Tuesday, March 5, 2024
How toTips & Techniques

Summer high country trout

IT has been a while since the nation’s south-east experienced a “typical” hot Aussie summer.

Recent summers in my neck of the woods have been uncharacteristically short, cool and wet – thanks to a persistent La Nina weather pattern.

Trout relished the reprieve from the heat – and so did fishos.

While it wasn’t necessarily a great period for beach holidays or owning a backyard pool, La Nina was heaven for anyone chasing these spotty little fish.

That’s all behind us now.

The El Nino weather pattern we are currently experiencing has produced a much more “traditional” late spring and early summer.

Sure, it’s rained on-and-off, but gone are the widespread heavy falls and below average temperatures. 

Some inland areas in the south-east have had very little precipitation and are moving to water restrictions.

With El Lino forecast to last well into 2024, expect this pattern to continue.

And expect trout fishing over the coming summer months to take on a whole new complexion.

They’ll still be there and biting, but anglers will need to re-think their approach.

Stream of thought

While the fortunes of every waterway in this country hinge on Mother Nature, the high-country creeks and streams are unique.

With no catchment – they feed the larger rivers and streams below – they rise quickly when it rains and fall rapidly when it’s dry.

In spring and early summer, they’re generally healthy, thanks to snowmelt that seeps from sphagnum bogs.

By Christmas time, if there hasn’t been any significant storm activity, the mountains start to dry out.

The creeks fall into a summer pattern, characterised by reduced flows and increased water temperatures.

When the heat is on, though, don’t underestimate the resilience of the fish in these waterways, though. Like anglers, they too adapt to the conditions.

Most are tough little wild brown trout, a hardy species that can survive surprisingly harsh conditions.

In fact, 99 per cent of the fish I pull from these tiny creeks are browns. I encountered a couple of rainbows during the recent wet summers but haven’t seen one since.

These feisty browns respond to the heat and bright sunshine by retreating to the deeper pools or finding comfort under overhanging banks and thick vegetation. 

They fire-up in the morning and evening, as the mercury drops. They also revel in the occasional cool day, or when cold fronts and storms drop much needed rain.

But they remain very catchable. And if you do your homework and understand how these fish are responding to our first long, hot summer in years, you will still enjoy some sublime high-altitude trout action.

Pool party

The alpine streams that zigzag across Australia’s rooftop at altitudes above 1500m are characteristically narrow and shallow.

But most feature deeper pools at regular intervals – this is where the fish will be when things heat up.

This season, focus on the pools and deeper holes, firing casts into these areas with tiny hard-bodied minnows that resemble a clumsy grasshopper or similar terrestrial insect.

The fish will be quick to pounce on anything that splashes down in their vicinity. The anticipated hot weather will mean insect activity should be at fever pitch for most of summer, with juicy hoppers particularly active.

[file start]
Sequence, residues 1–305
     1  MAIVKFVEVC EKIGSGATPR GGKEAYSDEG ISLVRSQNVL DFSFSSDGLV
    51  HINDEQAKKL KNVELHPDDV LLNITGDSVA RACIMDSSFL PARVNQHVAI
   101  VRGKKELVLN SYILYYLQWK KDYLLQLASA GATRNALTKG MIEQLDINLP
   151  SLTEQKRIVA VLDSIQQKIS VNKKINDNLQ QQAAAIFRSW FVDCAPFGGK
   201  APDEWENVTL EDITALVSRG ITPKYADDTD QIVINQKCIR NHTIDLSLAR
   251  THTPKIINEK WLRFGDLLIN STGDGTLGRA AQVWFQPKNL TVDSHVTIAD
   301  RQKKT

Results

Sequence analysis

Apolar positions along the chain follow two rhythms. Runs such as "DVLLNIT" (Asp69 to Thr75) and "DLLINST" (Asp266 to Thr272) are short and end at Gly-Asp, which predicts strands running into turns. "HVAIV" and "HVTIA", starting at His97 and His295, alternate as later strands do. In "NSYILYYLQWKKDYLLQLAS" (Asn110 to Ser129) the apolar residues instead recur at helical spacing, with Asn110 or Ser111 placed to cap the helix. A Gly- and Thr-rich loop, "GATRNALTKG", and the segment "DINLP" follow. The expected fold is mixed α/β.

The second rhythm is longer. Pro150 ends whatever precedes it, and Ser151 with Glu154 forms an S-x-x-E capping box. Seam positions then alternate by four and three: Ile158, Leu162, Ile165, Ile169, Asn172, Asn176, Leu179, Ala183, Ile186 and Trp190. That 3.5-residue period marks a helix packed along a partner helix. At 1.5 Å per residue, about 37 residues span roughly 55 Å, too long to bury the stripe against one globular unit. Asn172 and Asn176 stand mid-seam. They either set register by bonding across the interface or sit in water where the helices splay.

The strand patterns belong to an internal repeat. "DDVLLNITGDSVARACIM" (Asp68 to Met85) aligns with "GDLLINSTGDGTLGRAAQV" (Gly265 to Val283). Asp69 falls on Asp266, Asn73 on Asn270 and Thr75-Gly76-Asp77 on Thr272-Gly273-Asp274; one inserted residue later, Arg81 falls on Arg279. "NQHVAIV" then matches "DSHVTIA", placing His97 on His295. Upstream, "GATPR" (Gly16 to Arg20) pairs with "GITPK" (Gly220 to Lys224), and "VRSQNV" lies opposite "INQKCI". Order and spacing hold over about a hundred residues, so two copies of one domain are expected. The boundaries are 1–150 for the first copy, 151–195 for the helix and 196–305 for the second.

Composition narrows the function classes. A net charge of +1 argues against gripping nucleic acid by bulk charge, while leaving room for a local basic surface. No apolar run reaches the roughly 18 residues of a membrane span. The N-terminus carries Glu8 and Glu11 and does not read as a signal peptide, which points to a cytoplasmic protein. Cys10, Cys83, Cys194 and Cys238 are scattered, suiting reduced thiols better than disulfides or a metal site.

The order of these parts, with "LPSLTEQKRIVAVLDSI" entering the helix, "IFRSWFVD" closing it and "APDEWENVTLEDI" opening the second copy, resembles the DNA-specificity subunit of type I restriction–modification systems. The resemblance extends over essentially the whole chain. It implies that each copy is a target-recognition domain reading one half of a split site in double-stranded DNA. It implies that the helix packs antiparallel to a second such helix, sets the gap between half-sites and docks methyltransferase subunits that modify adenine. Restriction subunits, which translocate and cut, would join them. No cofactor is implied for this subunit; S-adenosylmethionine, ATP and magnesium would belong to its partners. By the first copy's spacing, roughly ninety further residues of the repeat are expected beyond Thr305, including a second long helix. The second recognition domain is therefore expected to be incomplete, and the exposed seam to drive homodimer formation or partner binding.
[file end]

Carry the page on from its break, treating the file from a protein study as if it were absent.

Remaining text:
There isn’t a meal a trout enjoys more than a big, fat, protein-rich grasshopper. A 4cm hard-body does a fair impersonation of a mountain hopper, splashing down in a similar manner to an errant insect that has missed its mark and fallen in the drink. 

If there’s a hungry brown in the vicinity, it’s often a matter of seconds before the lure is engulfed, so fishers need to be on their toes.

If you’re slow to react, the fish will quickly reject the piece of plastic before it’s hooked, leaving you empty handed.

Keep your cool

Fishing for alpine browns is all about reward for effort.

In other words, anglers who cover the most ground tend to catch the lion’s share of fish.

Don’t waste too much time exploring each pool. A handful of casts in a given spot is more than enough – if fish are there, you’ll know almost straight away. 

Moving from location to location, covering as much water in the process, is the key to getting the most out of a high country trout session.

Fortunately, the air temperatures at altitude tends to be more fisher-friendly than down on the tablelands.

Weather records show that temperatures in locations like Perisher Village and Thredbo Top Station have never reached 30-degrees. They’ve got close – I think 29 is the record.

So you can happily fish up here all day long – even in mid-summer – and not get too hot.

You will, however, get assaulted by March flies, so it pays to cover up and pack the Aeroguard.

The UV is also extreme at these high altitudes, so don’t take any chances with sun protection, especially on those exposed body parts that can sometime be forgotten – hands, forearms, ears and neck.

Get high

Every trout season dishes up its own set of unique challenges. This season is shaping as no exception, with the weather gods set to remind us that we do, indeed, live in a sunburnt country.

With every challenge, though, comes opportunity. 

With a little adjustment, and a preparedness to persevere, anglers should find the fish as plentiful as previous seasons.

The coming months are arguably the best on the calendar to chase wily alpine trout.

Regardless of what the weather gods dish up, I am betting that plenty of fish will be caught. 

Get up there!

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